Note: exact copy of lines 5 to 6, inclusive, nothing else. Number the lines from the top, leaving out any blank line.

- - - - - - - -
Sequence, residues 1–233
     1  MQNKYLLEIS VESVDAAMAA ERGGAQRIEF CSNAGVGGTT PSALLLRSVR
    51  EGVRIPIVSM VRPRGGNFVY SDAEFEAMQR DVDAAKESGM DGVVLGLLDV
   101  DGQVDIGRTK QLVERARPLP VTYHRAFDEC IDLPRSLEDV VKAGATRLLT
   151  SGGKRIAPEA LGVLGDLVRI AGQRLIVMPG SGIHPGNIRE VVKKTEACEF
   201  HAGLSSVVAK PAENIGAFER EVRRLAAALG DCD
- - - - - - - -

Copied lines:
   151  SGGKRIAPEA LGVLGDLVRI AGQRLIVMPG SGIHPGNIRE VVKKTEACEF
   201  HAGLSSVVAK PAENIGAFER EVRRLAAALG DCD